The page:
Has anyone ever experienced this?
I'm working on the last page of the Introduction & Rondo Capriccioso, the Più allegro section. I can play it well at about a third of the proper speed (which is REALLY darn fast). If I try to increase the tempo, the stuff high up on the E string gets all out of tune. Left hand problem, right?
Because my teacher frequently recommends shifting on a slur for intonation (to better isolate the sound change), I tried playing the passage slurring six notes at a time. Voilà! No more intonation problems. But as soon as I bring back the separate bows, it goes back to sounding like crap.
So what's going on here? I suppose it could be something like distraction...I need a certain level of concentration to get my left hand fingers in the right place, and can't afford to divert any brainpower to bowing. But it's not as if it's a particularly difficult stroke; I don't think bowing decreases my concentration. (Then again, isn't that what drivers who talk on cell phones always claim, as they wander into the next lane and forget to signal?)
On another note, I've given up the first Sevcik Op. 9 exercise (octave scales with some stuff for the intermediate 2-3 fingers) for now. I can't do it without putting my hand in a weird position that seems to strain it a lot, and this morning I woke up with pain in my forearm, which scared me. I'll ask my teacher if I'm doing something wrong, but until then I'm not going to risk injuring myself.
Last year I watched the movie "Ice Princess", which was a halfway decent tween flick despite the irritatingly bogus physics. Anyway, there's one scene where a bunch of teenage figure skaters are discussing their sport, and one of them who clearly loves it asks, "Don't you just want to skate ALL the time?" Her friend gives her a strange look and answers, "Nooo..." I think the message is that this friend has been pushed into figure skating, whereas the first girl does it for herself.
Anyway, that question comes back to me a lot as I've returned to my violin studies. I do want to play all the time. At least I think I do; unfortunately, I get tired easily, and I'm not a person who deals well with physical discomfort so I usually stop as soon as I feel weary. That, plus the demands of a full-time job and two little children, means I don't practice anywhere close to the amount I'd like to. But I make progress every time I pick up my violin, and I remind myself that as with almost everything, quality matters more than quantity.
I'm making steady progress on the Introduction & Rondo Capriccioso. The last Più Allegro section is really starting to come together, even though all that fast stuff way up in 7th position or whatever (I lose count after 5th) seemed impossible when I started. And the Kreutzer is definitely helping my shifting, so I'm glad I brought up the subject of etudes with my teacher. I just started Ševčík Op. 9 double stop exercises, too. The 1-4 octaves with a low second finger are awful for someone whose hand is as small as mine. Ouch! My childhood violin teacher didn't teach me much, but one thing she said which I keep in mind was "No pain, no gain, but also too much pain, no gain." So I'm taking it slowly.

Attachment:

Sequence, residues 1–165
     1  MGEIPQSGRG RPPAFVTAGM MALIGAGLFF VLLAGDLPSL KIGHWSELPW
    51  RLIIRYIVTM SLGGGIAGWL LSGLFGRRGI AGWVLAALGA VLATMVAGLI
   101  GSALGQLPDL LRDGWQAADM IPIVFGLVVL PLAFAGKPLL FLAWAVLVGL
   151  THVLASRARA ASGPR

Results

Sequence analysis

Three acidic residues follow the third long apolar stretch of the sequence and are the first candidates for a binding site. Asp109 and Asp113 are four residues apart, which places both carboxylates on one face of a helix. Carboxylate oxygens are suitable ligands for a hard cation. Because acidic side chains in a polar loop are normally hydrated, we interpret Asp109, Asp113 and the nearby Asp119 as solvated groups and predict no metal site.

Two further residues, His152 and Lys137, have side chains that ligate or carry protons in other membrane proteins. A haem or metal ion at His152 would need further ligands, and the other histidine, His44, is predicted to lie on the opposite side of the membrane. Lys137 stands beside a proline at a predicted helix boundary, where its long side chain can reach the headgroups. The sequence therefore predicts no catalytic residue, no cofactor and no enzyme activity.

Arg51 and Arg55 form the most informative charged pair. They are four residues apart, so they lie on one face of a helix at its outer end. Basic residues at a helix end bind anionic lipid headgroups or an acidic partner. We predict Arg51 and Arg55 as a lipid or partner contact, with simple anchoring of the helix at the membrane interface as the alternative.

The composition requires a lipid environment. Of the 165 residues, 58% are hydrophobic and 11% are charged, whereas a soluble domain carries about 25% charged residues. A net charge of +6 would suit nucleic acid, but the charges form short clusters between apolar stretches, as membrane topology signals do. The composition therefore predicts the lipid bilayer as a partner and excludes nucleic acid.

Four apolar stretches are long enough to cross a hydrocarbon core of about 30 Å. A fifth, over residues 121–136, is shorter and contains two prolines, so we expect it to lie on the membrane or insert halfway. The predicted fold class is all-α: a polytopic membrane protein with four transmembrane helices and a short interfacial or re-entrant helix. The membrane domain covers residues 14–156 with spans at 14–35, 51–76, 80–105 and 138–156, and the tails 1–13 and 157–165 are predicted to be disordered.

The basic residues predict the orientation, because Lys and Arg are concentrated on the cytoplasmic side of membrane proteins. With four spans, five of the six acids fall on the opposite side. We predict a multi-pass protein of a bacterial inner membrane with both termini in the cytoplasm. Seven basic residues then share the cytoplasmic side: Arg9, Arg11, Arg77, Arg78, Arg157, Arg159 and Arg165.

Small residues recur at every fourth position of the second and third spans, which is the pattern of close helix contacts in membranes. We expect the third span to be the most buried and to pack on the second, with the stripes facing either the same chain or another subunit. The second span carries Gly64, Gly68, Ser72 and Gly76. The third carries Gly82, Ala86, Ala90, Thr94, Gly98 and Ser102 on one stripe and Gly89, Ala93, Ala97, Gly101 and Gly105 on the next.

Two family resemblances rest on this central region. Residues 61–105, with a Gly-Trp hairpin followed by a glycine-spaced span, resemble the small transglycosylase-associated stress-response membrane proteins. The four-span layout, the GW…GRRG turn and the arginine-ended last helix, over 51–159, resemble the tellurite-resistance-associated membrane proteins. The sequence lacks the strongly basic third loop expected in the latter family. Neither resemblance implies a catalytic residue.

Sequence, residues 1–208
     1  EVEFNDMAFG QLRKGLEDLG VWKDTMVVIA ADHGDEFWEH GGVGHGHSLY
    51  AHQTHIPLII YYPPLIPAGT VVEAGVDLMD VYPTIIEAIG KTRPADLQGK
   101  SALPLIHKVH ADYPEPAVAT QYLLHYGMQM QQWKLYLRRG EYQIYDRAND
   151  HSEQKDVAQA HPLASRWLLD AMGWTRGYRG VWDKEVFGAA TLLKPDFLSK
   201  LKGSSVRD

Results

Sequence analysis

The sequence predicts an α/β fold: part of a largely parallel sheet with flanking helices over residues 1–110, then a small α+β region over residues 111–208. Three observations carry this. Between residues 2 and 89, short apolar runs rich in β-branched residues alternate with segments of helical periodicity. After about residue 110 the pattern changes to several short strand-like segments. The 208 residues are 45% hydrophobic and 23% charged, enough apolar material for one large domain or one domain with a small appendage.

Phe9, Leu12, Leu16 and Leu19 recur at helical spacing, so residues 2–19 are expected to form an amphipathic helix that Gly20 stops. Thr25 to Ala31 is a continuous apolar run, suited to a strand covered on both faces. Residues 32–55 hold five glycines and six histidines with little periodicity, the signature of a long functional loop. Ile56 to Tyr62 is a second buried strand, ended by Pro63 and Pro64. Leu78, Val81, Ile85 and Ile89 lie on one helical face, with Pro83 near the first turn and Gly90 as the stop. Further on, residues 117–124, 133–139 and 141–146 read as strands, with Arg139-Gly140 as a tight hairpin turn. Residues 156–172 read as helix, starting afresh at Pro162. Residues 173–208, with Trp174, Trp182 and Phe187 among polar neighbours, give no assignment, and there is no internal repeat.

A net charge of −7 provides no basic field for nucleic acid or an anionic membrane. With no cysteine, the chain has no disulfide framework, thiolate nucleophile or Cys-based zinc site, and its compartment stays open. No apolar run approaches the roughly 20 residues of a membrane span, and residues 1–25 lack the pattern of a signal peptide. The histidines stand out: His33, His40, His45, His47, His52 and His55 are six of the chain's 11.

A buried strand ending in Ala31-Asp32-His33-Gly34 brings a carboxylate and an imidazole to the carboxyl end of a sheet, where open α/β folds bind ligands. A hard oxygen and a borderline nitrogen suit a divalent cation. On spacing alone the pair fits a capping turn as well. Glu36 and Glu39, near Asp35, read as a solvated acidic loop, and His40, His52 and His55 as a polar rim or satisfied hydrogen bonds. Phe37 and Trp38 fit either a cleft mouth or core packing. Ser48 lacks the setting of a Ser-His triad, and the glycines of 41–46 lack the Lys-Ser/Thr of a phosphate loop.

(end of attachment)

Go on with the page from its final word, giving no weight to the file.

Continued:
The small UU church I attend has four or five rotating pianists, of which I am one. John, who is undoubtedly the best of us all, only attends when he's the pianist. So even though I've played violin in church about six times in the last three years, he was totally unaware I was also a violinist until I happened to email to the group that I was taking a break from piano until April but would be happy to do violin/piano stuff in the meantime. This led to some email exchanges between us, and we're going to try playing the Mozart E Minor Sonata (K. 304). I'm excited about working with someone I respect so much as a musician, even though my husband warns me that the artist personality might not be the easiest to work with. ;)
I don't want to be one of "those" parents who decide that their kid is going to be some kind of genius, and starts them on violin lessons and math classes and language immersion before they can walk. So it had never been my intention to start my older daughter, Kiera, on a musical instrument until she was a little older. But since I'd started playing seriously again, she'd become so interested in the violin, asking me all kinds of questions about how it worked. She even started walking around with a cordless phone tucked under her chin and bowing it with a chopstick. So we decided to start her on Suzuki lessons two months before her third birthday (which just passed), and it's going well. I think it's important to follow our children's leads; don't push them into something they don't like or can't handle, but neither should we discourage them from something in which they show true interest.
My younger daughter Kyla, who's only ten months old, likes to sit with me and Kiera when we practice rhythms. She claps, too; not in the correct rhythm, but not quite randomly either. I think she's actually trying to imitate us. And two nights ago, Kiera was chanting and clapping "Mississippi Hot Dog", when Kyla suddenly piped up, "HAH-DAH!"
I'm not going to start Kyla on anything until she shows independent signs of interest, either, but so far it's looking like I'll have the musical family I always wanted.
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